Farmers have come a long way since the old seed plates that used to meter out seed from the bottom of a metal hopper. New technology has allowed growers to greatly increase the amount of acres they can plant in a day.
But farm machinery manufacturers haven't been content to rest on their laurels and are introducing new innovations that promise to make producers even more efficient in an increasingly cost-conscious world.
Case IH specialists discussed the latest additions to its line-up of air seeding products during the “Big Red Round-Up” dealer training and media event held by the company in Phoenix. The line-up includes two new ATX Air Drill models, the ATX 400 and the ATX 700.
“The ATX air drills offer farmers the ability to place seed and fertilizer simultaneously and in precise relationship to one another,” says Dan Bokshowan, product specialist with Case IH. “You can adjust the planting depth in increments of one-sixteenth of an inch.
“You can also apply more nitrogen with the seed, and you can place it an inch and a half below the seed if that's what your fertilizer strategy calls for.”
The drills feature a new “ribbon seeding” system that allows seed to be placed in a wide band instead of a row, allowing higher rates of fertilizer to be placed with the seed, up to 65 to 70 pounds of actual N, according to Bokshowan.
The ATX 400 is a vertical folding air hoe drill that can be configured in 27-, 33, 39, 45 and 51-foot working widths. The ATX 700 is a rearward folding air hoe drill available in 60- and 70-foot working widths.
Case IH has begun applying a powder paint finish that uses a process that allows paint to move into the pores of the metal on its ATX drills. “The drill frame is designed to last to give the grower more for his dollar,” says Bokshowan. “It has the same paint on the inside as on the outside.”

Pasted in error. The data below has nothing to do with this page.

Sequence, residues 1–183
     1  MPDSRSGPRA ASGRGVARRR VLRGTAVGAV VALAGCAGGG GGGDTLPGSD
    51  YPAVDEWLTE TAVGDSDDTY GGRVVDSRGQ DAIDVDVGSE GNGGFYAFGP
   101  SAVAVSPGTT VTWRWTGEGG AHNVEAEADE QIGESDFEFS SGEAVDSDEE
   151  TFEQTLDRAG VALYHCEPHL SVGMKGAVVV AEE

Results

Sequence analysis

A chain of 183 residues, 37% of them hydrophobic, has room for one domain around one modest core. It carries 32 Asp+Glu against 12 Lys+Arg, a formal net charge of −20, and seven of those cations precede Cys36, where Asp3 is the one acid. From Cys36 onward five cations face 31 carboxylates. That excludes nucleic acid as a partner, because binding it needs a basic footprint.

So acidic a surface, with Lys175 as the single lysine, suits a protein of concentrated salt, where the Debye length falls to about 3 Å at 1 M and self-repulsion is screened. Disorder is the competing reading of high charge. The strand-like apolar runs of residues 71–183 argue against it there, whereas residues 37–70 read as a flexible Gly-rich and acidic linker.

Other features include a flexible frame, single point depth control, spring reset trip and shank and a lubrication system that enables farmers to spend less time lubing the implement during one of the most hectic times of the year.
For no-till farmers, Case is offering improvements to its SDX Single Disc Opener Drills, including its Early Riser Gauge Wheel, easy seed depth adjustment, a more effective seed tube, flexible down pressure and superior packing system to make sure the seed stays covered.
The SDX drills come in a 30-foot model with 7.5-inch and 10-inch row spacings and a 40-foot model with 7.5-inch, 10-inch or 15-inch row spacings. Downward pressure can be adjusted from 250 to 510 pounds on the drills.
“These drills provide accurate depth control — the depth is controlled by moving a handle on each seed hopper — consistent seed placement and low furrow sidewall compaction,” said Carman Dodman, a Case IH product specialist from Saskatoon, Canada, who spoke at the media event.
Dodman said Case IH's ADX Air System features a number of tools that will help growers make better use of their air seeding implements. Those include adjustable mechanical meter drives and variable meter drives that will provide “on-the-go,” one-tenth-pound-per-acre application rate changes.